Spooned over fruit, served with cereal, added to curries or used to make dips, yogurt is versatile and can be used in both sweet and savoury dishes. Whether you prefer it plain or flavoured, creamy or fat-free, there’s a variety of yogurt to suit you, whatever your dietary needs. And whichever you choose, you can be safe in the knowledge that you’ll enjoy a variety of nutrients.
Q: What nutrients are in yogurt?
A: Like the milk from which yogurt is made, most varieties provide protein, calcium, phosphorus, potassium, iodine and a selection of B vitamins. But different types of yogurt can vary in the amounts of calories, fat and sugar they contain. The packaging for all yogurts contains clear nutrition information making it easy for you to see the calories and how much fat and sugar is in your favourite.
Q: What’s the difference between plain and flavoured yogurt?
A: All yogurt starts out being plain, then extra ingredients such as fruit or honey are sometimes added for flavour. To make yogurt, harmless bacteria – known as yogurt cultures – are added to milk. This turns lactose, the natural sugar in milk, into lactic acid, which thickens the milk and turns it into a creamy yogurt with a delicious, tangy taste. Yogurt that’s packaged and sold like this is called plain or natural yogurt and is perfect for using in savoury dishes or serving with cereal or fruit. Yogurts that have extra ingredients added to them – for example, fruit, honey or vanilla – are called flavoured yogurts. These make a simple, nutritious desert on their own but are also good paired with extra fruit or used in smoothies.
Q: What is live yogurt?
A: The yogurt we buy contains the living yogurt cultures or bacteria that are added to milk to turn it into yogurt. Some reach our large intestine where they help to keep our gut healthy – that’s why they’re sometimes called ‘good’ bacteria. All yogurts contain these ‘live’ bacteria but sometimes specific types and quantities of bacteria are added to boost the amount. When we eat yogurt, these live bacteria move through our digestive system.
A: The fat content of yogurt varies according to the type you buy but low fat and virtually fat-free yogurts are very popular. These are usually low in saturated fat, too. The best way to see how much fat there is in yogurt is to look at the label. Anything with less than 3g fat or 1.5g saturates per 100g is low in these nutrients.
Q: How much sugar do yogurts contain?
A: All types of yogurt contain a natural sugar called lactose. This is naturally found in the milk from which yogurt is made. Health organisations around the world, including the NHS, agree there’s no need to avoid or limit the type of sugar found naturally in milk as it’s not harmful to health.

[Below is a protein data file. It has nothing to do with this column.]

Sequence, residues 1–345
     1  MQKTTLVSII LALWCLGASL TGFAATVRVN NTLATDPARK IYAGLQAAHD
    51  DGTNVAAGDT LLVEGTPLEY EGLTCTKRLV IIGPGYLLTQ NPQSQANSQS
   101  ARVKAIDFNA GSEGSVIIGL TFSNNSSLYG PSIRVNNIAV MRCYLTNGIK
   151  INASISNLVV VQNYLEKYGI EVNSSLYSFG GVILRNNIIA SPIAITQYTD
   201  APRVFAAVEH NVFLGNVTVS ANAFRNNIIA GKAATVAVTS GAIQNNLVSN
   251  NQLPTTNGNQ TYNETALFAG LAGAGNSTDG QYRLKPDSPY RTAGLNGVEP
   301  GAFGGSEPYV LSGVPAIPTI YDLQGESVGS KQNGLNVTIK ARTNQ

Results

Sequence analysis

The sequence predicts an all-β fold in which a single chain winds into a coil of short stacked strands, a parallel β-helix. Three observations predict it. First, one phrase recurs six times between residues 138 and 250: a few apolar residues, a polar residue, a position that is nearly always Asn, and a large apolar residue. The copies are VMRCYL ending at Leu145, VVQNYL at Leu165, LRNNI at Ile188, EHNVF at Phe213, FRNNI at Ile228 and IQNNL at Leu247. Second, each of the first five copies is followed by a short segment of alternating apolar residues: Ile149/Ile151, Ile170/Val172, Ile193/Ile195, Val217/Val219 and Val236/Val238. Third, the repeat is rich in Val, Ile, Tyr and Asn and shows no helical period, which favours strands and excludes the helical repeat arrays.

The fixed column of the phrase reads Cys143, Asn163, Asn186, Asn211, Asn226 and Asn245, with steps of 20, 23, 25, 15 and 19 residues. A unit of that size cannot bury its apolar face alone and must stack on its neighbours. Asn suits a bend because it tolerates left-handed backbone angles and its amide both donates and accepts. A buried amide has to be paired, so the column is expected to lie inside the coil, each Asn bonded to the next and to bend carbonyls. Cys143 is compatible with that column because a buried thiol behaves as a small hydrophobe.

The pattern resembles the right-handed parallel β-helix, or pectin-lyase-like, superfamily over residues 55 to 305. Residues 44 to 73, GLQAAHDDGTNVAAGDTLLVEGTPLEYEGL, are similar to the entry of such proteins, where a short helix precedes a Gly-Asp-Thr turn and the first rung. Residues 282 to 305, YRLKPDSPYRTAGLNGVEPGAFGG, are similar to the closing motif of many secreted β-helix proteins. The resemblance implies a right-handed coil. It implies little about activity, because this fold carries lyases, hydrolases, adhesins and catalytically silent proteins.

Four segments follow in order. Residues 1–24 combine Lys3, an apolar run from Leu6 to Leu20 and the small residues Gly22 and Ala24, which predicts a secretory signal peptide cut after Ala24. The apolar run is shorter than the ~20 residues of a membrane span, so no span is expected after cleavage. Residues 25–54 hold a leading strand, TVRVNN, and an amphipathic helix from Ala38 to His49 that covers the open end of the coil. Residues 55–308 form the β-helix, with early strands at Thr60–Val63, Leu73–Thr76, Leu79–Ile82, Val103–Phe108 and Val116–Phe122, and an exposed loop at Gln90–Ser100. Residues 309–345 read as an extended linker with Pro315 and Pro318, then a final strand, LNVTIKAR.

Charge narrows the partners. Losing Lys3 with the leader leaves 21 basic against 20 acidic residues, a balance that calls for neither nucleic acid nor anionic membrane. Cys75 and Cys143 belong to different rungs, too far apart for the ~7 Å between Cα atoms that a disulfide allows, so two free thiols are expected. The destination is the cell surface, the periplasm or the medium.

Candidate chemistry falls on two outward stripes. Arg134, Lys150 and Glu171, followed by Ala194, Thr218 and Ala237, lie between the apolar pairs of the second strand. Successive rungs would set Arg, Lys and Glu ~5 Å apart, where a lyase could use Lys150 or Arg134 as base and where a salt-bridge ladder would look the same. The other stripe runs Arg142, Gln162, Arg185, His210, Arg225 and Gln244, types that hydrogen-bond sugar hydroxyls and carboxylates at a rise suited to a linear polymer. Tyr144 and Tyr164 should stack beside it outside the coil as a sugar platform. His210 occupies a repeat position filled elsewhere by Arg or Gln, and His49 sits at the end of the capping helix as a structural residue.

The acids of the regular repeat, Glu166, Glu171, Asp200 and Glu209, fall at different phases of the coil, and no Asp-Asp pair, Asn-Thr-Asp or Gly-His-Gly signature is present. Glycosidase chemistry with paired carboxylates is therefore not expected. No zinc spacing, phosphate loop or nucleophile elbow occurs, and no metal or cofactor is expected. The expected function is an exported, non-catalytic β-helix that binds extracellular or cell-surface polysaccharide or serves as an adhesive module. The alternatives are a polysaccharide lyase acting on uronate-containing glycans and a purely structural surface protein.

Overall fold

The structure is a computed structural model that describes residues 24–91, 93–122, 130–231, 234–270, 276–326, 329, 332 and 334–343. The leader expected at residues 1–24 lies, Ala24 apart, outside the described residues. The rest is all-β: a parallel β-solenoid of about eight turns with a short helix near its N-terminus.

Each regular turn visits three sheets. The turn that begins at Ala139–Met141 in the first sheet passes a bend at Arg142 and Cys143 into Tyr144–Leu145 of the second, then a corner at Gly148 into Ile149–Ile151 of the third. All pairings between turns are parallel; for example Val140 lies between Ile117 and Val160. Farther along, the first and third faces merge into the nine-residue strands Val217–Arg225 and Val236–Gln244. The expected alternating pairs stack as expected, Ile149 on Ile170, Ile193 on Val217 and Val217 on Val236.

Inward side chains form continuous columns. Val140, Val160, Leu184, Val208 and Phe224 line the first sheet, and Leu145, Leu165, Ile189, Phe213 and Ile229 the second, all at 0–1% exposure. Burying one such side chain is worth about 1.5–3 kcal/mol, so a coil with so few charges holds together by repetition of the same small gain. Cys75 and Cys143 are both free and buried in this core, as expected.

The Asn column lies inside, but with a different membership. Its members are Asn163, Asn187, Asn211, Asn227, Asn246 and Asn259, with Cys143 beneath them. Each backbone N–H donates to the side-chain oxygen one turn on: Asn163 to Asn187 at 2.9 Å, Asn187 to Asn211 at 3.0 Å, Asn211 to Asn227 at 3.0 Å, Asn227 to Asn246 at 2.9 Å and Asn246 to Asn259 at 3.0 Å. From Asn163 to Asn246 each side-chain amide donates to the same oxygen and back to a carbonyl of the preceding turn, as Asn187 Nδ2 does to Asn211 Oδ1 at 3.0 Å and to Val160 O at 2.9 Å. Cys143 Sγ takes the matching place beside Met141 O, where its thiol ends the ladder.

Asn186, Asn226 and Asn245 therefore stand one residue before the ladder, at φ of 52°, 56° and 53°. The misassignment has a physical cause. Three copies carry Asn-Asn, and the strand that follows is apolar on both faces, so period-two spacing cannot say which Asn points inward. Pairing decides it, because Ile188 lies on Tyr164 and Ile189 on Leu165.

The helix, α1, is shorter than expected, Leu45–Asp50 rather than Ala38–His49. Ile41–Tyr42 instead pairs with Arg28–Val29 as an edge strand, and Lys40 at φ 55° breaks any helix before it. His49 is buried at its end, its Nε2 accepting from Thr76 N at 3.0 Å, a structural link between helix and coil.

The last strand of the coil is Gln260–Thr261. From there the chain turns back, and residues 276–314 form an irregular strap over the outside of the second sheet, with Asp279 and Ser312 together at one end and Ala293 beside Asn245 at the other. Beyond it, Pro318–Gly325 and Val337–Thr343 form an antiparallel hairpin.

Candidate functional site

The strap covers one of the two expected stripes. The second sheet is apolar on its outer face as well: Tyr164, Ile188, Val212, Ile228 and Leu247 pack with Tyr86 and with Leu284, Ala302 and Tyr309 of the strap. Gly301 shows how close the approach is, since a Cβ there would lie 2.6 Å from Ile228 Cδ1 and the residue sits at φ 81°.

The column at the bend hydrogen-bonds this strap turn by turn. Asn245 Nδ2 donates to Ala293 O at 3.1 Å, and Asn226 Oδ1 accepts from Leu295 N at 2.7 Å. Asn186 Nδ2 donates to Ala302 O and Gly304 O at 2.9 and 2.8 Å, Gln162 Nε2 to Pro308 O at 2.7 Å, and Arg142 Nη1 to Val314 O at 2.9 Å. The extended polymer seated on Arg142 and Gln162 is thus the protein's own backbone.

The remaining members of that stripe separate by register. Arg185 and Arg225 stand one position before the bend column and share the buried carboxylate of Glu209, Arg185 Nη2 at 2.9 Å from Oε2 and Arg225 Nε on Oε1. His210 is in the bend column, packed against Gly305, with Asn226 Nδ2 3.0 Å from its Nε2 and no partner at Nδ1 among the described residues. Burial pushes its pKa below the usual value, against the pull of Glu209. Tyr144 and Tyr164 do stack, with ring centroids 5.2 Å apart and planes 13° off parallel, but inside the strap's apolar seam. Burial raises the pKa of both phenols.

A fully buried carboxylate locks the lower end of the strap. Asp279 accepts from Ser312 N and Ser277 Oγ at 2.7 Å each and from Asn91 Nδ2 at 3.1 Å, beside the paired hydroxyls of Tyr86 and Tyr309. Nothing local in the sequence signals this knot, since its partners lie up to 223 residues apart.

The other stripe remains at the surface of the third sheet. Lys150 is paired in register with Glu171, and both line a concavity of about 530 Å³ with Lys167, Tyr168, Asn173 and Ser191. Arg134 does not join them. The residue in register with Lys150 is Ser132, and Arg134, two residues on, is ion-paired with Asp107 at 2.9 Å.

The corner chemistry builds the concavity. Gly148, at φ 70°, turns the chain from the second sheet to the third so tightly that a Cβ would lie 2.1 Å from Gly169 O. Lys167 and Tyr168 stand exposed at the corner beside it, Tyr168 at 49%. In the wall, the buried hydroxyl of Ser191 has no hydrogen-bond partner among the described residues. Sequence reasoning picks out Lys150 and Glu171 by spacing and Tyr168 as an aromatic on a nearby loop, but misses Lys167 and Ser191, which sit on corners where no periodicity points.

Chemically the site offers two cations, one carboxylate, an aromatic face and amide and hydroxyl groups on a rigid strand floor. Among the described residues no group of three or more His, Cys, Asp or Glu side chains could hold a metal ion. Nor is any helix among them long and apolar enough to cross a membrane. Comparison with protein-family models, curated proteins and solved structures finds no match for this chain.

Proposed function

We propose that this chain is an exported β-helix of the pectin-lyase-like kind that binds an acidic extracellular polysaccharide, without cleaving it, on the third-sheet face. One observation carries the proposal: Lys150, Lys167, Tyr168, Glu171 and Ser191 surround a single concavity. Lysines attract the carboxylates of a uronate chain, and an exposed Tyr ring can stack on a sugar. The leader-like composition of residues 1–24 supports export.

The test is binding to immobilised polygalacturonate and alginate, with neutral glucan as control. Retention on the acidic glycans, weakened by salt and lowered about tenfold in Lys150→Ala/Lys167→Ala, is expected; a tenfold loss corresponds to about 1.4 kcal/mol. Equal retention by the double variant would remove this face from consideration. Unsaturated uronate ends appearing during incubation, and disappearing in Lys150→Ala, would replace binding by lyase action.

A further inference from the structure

Plain or natural varieties of yogurt don’t have any extra sugar added to them. Therefore, all the sugars they contain comes from lactose – one of the sugars that doesn’t need to be limited.
Flavoured yogurts often contain fruit. Like the natural sugars in milk, the natural sugar in fruit (fructose) doesn’t need to be limited when it’s eaten in the form of fruit. Yogurts may also be sweetened with sweeteners or a little sugar, honey or other sweet ingredients such as toffee. The sugar content varies depending on the ingredients that are added.
Yogurts contribute far less sugar to our diets than you might think. Amongst working-age adults, just 4% of the free sugars – the ones we should cut down on – come from yogurt. Even amongst children, yogurts add less sugar to their diets than might be expected. In toddlers, just 12% of free sugars come from yogurt; in primary cool children it’s 6%; and in 11 to 18 year olds, it’s just 3%. It’s worth remembering too, that yogurt is a nutrient-dense food – this means any sugar it contains comes naturally packaged with protein and many vitamins and minerals.
A 150g pot low-fat fruit yogurt provides just 21% of the amount of total sugars recommended for a day*
*Based on Reference Intakes of 90g sugars
Q: How much yogurt should I have a day?
A: There’s no set amount. How much someone chooses to enjoy should be based on their lifestyle, food preferences and dietary needs. However, around the world, milk and dairy products are considered to be one of the four main food groups, highlighting the important part they play in helping us achieve a healthy balanced diet. The British Dietetic Association recommends three portions of dairy a day, where an adult sized portion is:
A glass of semi-skimmed milk
A 150g port of plain low-fat yogurt
A 30g matchbox-sized piece of cheese or 3 tbsp (120g) cottage cheese
Some people find they can still enjoy yogurt, even if they suffer with lactose intolerance. This may be because the friendly bacteria that are used to make yogurt have already broken down some of the lactose in milk. This is great news as it means sufferers can enjoy the taste of yogurt but also benefit from all the nutrients it contains.